Wanna live dangerously? Work in these 10 dying industries

Source: Shutterstock
Source: Shutterstock

Life for American workers will change quickly and dramatically in coming years— in part thanks to technology, changing consumer habits, and unknowables like the consequences of President-elect Donald Trump's policies.

Some jobs are inevitably going to thrive, while others will suffer. 

Indeed, there are 10 jobs with declining prospects in coming years, according to a report published by CareerCast Thursday and based on Bureau of Labor Statistics data on expected hiring through the year 2024.

Here's a roundup of the jobs that are endangered, with the growth outlook for each job to 2024 — plus the median salary.

10. Computer programmer


A person works at their computer.
Source: 
Nonwarit/Shutterstock

Growth Outlook: -8%

Median Annual Income: $79,530

Surprised? It turns out outsourcing — and the shift of computer programmers' traditional responsibilities to other IT workers — has started to wipe out this coding-focused job in the United States.

The good news? Growth prospects are good for hiring in other computer science areas, like software development.

9. Newspaper reporter


Growth Outlook: -8%
Median Annual Income: $36,360

Fewer and fewer people are reading physical newspapers, which means fewer companies want to advertise in them, which means less money... you see where this is going. That all leads to fewer newspaper reporters. 

But there is always digital media! And brands are hiring.

8. Broadcaster


A broadcasting microphone and soundboard 
Source: 
noicherrybeans/Shutterstock

Growth Outlook: -9%
Median Annual Income: $37,720

It's not news that younger generations are not listening to the radio nearly as much as their parents or grandparents did.

There is much less of a need for broadcasters, but those skills are just as valuable in areas like podcasting. So other opportunities abound.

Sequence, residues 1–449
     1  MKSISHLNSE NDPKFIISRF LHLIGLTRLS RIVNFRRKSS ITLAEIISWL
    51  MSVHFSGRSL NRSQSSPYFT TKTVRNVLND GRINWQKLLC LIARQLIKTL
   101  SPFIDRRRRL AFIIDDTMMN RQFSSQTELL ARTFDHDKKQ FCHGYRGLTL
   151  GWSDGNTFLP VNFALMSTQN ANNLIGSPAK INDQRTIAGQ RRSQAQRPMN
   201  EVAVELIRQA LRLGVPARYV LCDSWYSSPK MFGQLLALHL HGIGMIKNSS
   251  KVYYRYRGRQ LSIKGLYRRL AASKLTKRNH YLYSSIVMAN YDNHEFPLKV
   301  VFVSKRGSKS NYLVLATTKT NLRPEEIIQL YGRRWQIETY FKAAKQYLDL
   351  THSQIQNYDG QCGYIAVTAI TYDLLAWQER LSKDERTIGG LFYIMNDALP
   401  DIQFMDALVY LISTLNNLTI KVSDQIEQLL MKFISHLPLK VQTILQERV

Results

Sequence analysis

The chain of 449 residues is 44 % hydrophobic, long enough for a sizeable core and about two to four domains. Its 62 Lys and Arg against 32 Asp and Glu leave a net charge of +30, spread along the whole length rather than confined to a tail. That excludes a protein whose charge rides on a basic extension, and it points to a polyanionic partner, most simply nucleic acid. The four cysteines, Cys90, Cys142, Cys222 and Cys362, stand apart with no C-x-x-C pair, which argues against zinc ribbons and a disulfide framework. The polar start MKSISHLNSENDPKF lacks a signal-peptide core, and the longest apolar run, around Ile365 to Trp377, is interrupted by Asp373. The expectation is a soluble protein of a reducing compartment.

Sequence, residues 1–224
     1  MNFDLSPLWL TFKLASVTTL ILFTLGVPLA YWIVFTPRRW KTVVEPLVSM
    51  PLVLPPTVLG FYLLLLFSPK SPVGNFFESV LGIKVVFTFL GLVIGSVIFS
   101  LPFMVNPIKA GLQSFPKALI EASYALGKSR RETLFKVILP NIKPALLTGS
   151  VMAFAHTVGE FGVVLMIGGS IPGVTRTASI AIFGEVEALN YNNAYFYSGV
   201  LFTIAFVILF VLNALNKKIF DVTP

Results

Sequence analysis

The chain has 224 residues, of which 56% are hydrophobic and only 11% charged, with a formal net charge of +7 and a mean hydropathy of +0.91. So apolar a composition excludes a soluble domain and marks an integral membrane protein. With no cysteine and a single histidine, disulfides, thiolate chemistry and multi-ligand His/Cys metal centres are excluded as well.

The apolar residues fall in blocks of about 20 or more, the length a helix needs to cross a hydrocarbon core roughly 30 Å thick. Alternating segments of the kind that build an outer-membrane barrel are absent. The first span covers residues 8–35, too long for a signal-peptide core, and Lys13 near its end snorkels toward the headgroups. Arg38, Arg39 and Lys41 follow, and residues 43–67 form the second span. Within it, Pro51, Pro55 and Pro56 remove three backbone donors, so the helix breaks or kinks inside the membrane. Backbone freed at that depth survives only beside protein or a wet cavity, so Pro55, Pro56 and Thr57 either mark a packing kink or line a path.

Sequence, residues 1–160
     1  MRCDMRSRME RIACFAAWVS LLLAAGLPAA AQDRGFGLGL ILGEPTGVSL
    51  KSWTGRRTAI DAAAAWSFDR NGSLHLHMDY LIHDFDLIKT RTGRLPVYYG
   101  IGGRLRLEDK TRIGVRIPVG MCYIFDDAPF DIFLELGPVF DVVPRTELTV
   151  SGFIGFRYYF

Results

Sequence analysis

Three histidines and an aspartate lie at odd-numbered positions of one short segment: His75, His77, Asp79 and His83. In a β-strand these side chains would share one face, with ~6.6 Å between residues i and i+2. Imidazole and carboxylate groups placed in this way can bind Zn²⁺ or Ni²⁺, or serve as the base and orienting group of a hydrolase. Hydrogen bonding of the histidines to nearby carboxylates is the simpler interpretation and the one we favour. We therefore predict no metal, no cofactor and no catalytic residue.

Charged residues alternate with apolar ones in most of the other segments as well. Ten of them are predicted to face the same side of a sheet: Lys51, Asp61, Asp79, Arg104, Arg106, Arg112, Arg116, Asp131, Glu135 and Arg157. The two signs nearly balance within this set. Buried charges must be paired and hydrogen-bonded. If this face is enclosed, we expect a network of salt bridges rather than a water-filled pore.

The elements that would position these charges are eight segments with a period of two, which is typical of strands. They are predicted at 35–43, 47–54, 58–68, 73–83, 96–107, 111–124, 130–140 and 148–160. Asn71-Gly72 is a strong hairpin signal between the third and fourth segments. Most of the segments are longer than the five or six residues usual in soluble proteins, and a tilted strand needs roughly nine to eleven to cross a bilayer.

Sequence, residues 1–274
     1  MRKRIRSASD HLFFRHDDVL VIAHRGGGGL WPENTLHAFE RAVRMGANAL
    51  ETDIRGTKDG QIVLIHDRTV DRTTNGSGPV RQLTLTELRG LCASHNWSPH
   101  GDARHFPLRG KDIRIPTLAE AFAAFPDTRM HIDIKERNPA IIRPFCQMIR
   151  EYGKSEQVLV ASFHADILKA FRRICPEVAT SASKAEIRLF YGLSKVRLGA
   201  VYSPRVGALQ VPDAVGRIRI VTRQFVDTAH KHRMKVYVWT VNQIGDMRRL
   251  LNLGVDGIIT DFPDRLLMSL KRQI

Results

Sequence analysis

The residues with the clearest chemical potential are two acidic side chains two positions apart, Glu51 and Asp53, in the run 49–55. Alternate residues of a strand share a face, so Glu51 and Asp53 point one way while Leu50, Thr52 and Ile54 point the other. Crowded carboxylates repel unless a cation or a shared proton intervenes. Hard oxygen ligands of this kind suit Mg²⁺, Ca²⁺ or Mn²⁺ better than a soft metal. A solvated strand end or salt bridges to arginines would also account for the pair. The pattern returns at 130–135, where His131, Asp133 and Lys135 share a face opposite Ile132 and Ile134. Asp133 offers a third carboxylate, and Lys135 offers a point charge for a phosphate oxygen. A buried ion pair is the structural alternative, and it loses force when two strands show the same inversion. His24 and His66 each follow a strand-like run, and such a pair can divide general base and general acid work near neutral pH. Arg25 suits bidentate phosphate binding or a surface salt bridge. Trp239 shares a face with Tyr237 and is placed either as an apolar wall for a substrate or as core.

7. Seamstress or tailor 


Growth Outlook: -9%

Median Annual Income: $25,830

In the good old days, you had yourself a cobbler and a tailor to make bespoke everything for you. Well: if you were rich enough.

Now it's all H&M and Zara — and when things start to tear or wear thin, people aren't taking the time or money to get them fixed by seamstresses and tailors. They throw their threads away and buy more stuff. 

Tailoring skills are not as easily or obviously transferable to other roles, but there's always design or other roles in the fashion industry. 

6. Insurance underwriter


A woman fills out paperwork.
Source: 
Wayne0216/Shutterstock

Growth Outlook: -11%
Median Annual Income: $65,040

Technology is to thank for diminishing this role, too.

Software programs have undermined the need for insurance underwriters, and any leftover responsibilities — that can't be fulfilled by software — are generally being absorbed into other jobs. 

5. Jeweler 


A jeweler makes jewelry in their studio.
Source: 
Roman Nevestenko-Do Roman/Shutterstock

Growth Outlook: -11%

Median Annual Income: $37,060

Outsourcing, innovations in manufacturing, and online shopping are killing this line of work. But there's always working in jewelry design rather than running your own shop.

The demand for jewelry isn't likely going anywhere — it's just how people are buying it that has changed.

4. Disc Jockey


A DJ and their equipment
Source: 
hurricanehank/Shutterstock

Growth Outlook: -11%

Median Annual Income: $30,080

Thanks, Spotify. People are increasingly becoming their own DJs. Connecting your phone to your Bluetooth speakers and choosing a pre-made party list has made the role of the table-turning DJ nearly defunct.

Of course, highly skilled DJs can still use their skills in roles like music producer.

3. Meter reader


A woman reads a meter.
Source: 
Grigvovan/Shutterstock

Growth Outlook: -15%
Median Annual Income: $38,510

Computers, machines, algorithms. They're all doing the work of the old-fashioned meter reader — and in general meter information is now automatically sent to a central database.

2. Typist/Word Processor


Hands typing on a typewriter 
Source: 
ptnphoto/Shutterstock

Growth Outlook: -18%
Median Annual Income: $37,610

Offices have changed since the days of Mad Men. No more memos or minutes or dictaphone recordings need to be typed out.

People are very often either typing themselves (it's no longer a rare skill) or administrative assistants are fulfilling some of the duties a typist might have in the past. And voice dictation software just keeps getting better.

1. Mail carrier

A USPS Priority Mail envelope
Source: 
Hadrian/Shutterstock

Growth Outlook: -28%

Median Annual Income: $56,790

Technology plays a big role here: Automation has dramatically diminished the need for postal workers.

Also... who sends mail anymore?

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Natasha Noman

Natasha is a News Staff Writer covering global affairs. She previously reported on regional affairs from Pakistan. Natasha is based in New York and can be reached at natasha@mic.com.

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